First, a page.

3
$\begingroup$

I am investigating time changed Levy models. As far as I have seen, these models are usually directly described under the risk neutral measure $\mathbb{Q}$. However, I'm interested in first modelling the dynamics under the physical measure $\mathbb{P}$ and then using some change of measure to find an EMM. I work in the following framework: First I model the stock price $S(t)$ under the physical measure $\mathbb{P}$ as

$$ S(t):=S(0)\exp(X(t)) $$ with an arbitrary Levy process $X(t)$. The time change I use is given by an integrated CIR process, i.e. $$ T_t = \int_0^t\lambda(s)\mathrm{d}s $$ with $$ \mathrm{d}\lambda(t)=\kappa(\theta-\lambda(t))\mathrm{d}t+\eta\sqrt{\lambda(t)}\mathrm{d}W^1(t),\quad \lambda(0)=\lambda_0. $$ In order to capture the leverage effect, we can allow the Brownian motion $W^1(t)$ driving the intensity $\lambda(t)$ to be correlated with the Brownian motion part of $X(t)$. The stock price process under the time change is then given by $$ \tilde S(t):=S(T_t). $$

To start, I consider the following simple case: $$ X(t)=\mu t+\sigma \rho W^1(t) + \sigma\sqrt{1-\rho^2}W^2(t) $$ where $W^1(t)$ and $W^2(t)$ are two independent Brownian motions. In this case $\rho$ controls the leverage. The time changed price process is then given by $$ \tilde S(t)=S(0)\exp\left(\mu\int_0^t\lambda(s)\mathrm{d}s+\sigma\rho W^1\left(\int_0^t\lambda(s)\mathrm{d}s\right)+\sigma\sqrt{1-\rho^2} W^2\left(\int_0^t\lambda(s)\mathrm{d}s\right)\right). $$ In order to exclude arbitrage the discounted stock price process $$ \exp(-rt)\tilde S(t) = S(0)\exp\left(-rt+\mu\int_0^t\lambda(s)\mathrm{d}s+\sigma\rho W^1\left(\int_0^t\lambda(s)\mathrm{d}s\right)+\sigma\sqrt{1-\rho^2} W^2\left(\int_0^t\lambda(s)\mathrm{d}s\right)\right). $$ must be a martingale. By the Dubins-Schwarz theorem it holds $$ W^i\left(\int_0^t \lambda(s)\mathrm{d}s\right)=\int_0^t\sqrt{\lambda(s)}\mathrm{d}W^i(s), \quad i=1,2. $$ Hence, I can write $$ \exp(-rt)\tilde S(t)=S(0)\exp\left(-rt+\mu\int_0^t\lambda(s)\mathrm{d}s+\sigma\rho\int_0^t\sqrt{\lambda(s)}\mathrm{d}W^1(s)+\sigma\sqrt{1-\rho^2}\int_0^t\sqrt{\lambda(s)}\mathrm{d}W^2(s)\right) $$ In order to find a change of measure, I write $$ \exp(-rt)\tilde S(t)=S(0)\exp\left(-rt+\mu\int_0^t\lambda(s)\mathrm{d}s-\sigma\rho\int_0^t\gamma(s)\sqrt{\lambda(s)}\mathrm{d}s-\sigma\sqrt{1-\rho^2}\int_0^t\delta(s)\sqrt{\lambda(s)}\mathrm{d}s\\ +\sigma\rho\int_0^t\sqrt{\lambda(s)}\mathrm{d}\left(W^1(s)+\int_0^s\gamma(r)\mathrm{d}r\right)\\ +\sigma\sqrt{1-\rho^2}\int_0^t\sqrt{\lambda(s)}\mathrm{d}\left(W^2(s)+\int_0^s\delta(r)\mathrm{d}r\right)\right) $$ It must now hold that $$ -rt+\mu\int_0^t\lambda(s)\mathrm{d}s-\sigma\rho\int_0^t\gamma(s)\sqrt{\lambda(s)}\mathrm{d}s-\sigma\sqrt{1-\rho^2}\int_0^t\delta(s)\sqrt{\lambda(s)}\mathrm{d}s \\ = -\frac{\sigma^2}{2}\int_0^t\lambda(s)\mathrm{d}s $$ Differentiating both sides gives $$ -r+\mu\lambda(t)+\sigma\rho\gamma(t)\sqrt{\lambda(t)}-\sigma\sqrt{1-\rho^2}\delta(t)\sqrt{\lambda(t)}=-\frac{\sigma^2}{2}\lambda(t). $$ We set $\gamma(t):=\mu\sqrt{\lambda(t)}$ with arbitrary $\mu\in\mathbb{R}$. Hence, it must hold $$ \delta(t) = -\frac{r}{\sigma\sqrt{1-\rho^2}}+\frac{(\mu-\sigma\rho+\sigma^2/2)\sqrt{\lambda(t)}}{\sigma\sqrt{1-\rho^2}} $$ The risk neutral measure can then be defined via $$ \frac{\mathrm{d}\mathbb{Q}}{\mathrm{d}\mathbb{P}}:=\mathcal{E}(-\gamma(t)\bullet W^1(t)-\delta(t) \bullet W^2(t)). $$ The dynamics of the intensity under $\mathbb{Q}$ are then given by $$ \mathrm{d}\lambda(t)=\kappa^*(\theta^*-\lambda(t))\mathrm{d}t+\sigma\sqrt{\lambda(t)}\mathrm{d}W^1(t) $$ with $\kappa^*=\kappa+\eta\mu$ and $\theta^*=\frac{\kappa\theta}{\kappa+\eta\mu}$. Now my questions:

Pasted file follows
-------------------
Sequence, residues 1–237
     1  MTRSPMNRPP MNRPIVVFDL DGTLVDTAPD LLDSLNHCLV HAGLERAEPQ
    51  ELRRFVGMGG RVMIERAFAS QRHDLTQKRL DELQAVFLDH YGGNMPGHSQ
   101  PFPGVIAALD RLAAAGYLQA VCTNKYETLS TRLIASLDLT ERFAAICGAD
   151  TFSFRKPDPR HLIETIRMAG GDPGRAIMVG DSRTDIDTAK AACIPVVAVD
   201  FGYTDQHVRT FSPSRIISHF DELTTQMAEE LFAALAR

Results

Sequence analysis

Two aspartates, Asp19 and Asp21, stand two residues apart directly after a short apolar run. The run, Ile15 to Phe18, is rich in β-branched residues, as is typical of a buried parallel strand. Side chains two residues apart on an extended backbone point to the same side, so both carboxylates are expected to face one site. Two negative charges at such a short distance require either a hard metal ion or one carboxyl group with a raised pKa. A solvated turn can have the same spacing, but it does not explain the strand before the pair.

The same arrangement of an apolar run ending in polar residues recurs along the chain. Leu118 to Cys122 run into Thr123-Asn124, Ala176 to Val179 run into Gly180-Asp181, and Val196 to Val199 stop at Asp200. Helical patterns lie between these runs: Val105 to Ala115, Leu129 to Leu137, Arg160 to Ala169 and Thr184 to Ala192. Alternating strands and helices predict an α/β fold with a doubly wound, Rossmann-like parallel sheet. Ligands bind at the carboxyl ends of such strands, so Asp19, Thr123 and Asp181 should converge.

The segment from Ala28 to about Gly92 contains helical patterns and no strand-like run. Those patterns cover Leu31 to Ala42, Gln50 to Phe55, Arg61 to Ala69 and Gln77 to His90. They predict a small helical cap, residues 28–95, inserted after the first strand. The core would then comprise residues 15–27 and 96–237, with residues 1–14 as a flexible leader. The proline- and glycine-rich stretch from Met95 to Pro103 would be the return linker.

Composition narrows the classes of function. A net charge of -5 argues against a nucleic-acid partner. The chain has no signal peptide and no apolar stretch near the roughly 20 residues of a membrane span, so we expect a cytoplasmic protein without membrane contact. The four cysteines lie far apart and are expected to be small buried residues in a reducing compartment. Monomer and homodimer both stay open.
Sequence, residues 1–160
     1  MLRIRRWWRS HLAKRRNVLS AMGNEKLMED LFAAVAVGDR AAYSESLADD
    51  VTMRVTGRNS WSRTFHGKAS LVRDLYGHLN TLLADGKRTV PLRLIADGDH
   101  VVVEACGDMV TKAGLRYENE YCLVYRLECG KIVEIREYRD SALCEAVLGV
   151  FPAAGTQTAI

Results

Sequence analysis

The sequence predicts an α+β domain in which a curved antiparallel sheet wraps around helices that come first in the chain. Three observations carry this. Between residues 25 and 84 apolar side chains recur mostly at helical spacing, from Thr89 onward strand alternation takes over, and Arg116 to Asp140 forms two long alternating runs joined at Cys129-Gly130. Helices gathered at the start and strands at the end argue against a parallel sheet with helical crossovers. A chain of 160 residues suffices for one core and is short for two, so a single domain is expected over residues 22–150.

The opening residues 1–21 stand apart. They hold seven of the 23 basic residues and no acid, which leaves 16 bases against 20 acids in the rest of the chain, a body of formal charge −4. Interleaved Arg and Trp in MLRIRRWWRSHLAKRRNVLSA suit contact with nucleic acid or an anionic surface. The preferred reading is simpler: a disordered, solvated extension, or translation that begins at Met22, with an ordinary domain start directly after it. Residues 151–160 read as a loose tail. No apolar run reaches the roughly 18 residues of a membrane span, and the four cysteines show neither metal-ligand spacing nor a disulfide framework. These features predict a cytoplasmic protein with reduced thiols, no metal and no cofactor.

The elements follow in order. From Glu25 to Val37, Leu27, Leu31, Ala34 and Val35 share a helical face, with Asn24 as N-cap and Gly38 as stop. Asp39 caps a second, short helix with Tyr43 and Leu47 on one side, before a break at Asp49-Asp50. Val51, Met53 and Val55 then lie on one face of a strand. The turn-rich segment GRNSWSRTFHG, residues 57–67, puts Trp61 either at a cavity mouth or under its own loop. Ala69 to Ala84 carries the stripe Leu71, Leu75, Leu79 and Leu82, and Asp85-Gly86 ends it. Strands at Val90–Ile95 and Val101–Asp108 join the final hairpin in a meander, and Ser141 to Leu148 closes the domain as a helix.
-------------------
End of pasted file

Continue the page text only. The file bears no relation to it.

• Is the whole argument sound?
  • In the part where I used the Dubins-Schwarz theorem, can I really use the same Brownian on both sides of the equation? In the theorem it says that there is some Brownian motion such that it holds. But if it isn't the same brownian motion I have no clue on how to proceed.
  • With respect to which filtration is the discounted stock price a martingale under $\mathbb{Q}$? I guess it must be $\mathcal{G}_t:=\sigma\left(W^i(T_s), T_s; 0\leq s\leq t\right)$ . How can I make this rigorous?
$\endgroup$

Your Answer

By clicking “Post Your Answer”, you agree to our terms of service, privacy policy and cookie policy

Browse other questions tagged or ask your own question.